Like the defendant attorney in Grindle, appellant in the present case reviewed his client's file, conducted research and dismissed the case soon after discovering that it lacked merit. Appellant also interviewed Rentnelli's family members and spoke with an attorney experienced in medical malpractice litigation. If anything, appellant's investigation was more thorough than that of the attorney in Grindle. Thus, we hold that the evidence does not support an inference that appellant acted with malice.


At the close of trial, appellant moved for a directed verdict and for judgment notwithstanding the verdict or, in the alternative, for a new trial on the grounds that there was no evidence to support a verdict in favor of respondents on their abuse of process claim. The trial court denied these motions, and appellant contends that the court erred in doing so. We agree with appellant.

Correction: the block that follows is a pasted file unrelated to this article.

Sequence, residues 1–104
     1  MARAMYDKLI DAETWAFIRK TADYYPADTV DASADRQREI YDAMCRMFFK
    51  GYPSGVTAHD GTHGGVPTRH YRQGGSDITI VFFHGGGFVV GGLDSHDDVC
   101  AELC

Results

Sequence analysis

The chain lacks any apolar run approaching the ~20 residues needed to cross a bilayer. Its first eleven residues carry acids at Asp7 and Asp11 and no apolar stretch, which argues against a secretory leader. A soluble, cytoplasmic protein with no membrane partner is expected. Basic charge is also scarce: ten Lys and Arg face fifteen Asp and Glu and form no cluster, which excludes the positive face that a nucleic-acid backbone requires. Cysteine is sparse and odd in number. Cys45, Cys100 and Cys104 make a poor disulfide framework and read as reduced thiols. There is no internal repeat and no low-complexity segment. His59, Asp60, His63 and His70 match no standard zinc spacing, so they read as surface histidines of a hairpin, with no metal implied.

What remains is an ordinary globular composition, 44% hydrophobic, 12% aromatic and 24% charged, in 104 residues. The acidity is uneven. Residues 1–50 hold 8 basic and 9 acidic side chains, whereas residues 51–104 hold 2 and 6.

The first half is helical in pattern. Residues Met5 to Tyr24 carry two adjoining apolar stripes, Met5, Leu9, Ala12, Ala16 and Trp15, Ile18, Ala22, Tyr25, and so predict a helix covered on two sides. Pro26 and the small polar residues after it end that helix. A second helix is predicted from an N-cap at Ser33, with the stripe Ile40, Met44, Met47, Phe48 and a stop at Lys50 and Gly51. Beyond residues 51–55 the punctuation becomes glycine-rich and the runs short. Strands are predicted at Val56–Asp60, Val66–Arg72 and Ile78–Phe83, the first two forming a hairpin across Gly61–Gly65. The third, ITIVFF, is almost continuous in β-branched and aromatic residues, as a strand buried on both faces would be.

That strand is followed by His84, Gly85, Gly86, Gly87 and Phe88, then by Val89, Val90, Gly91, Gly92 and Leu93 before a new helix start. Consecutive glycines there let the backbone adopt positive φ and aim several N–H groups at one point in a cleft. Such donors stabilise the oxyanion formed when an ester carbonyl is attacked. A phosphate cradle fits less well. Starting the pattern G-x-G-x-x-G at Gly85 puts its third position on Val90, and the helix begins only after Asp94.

An abuse of process claim consists of two elements: (1) an ulterior purpose other than resolving a legal dispute, and (2) a willful act in the use of process not *791 proper in the regular conduct of the proceeding. Kovacs v. Acosta, 106 Nev. 57, 787 P.2d 368 (1990). An "ulterior purpose" is any "improper motive" underlying the issuance of legal process. Laxalt v. McClatchy, 622 F. Supp. 737, 751 (D.Nev. 1985). At trial, respondents assigned two improper motives to appellant.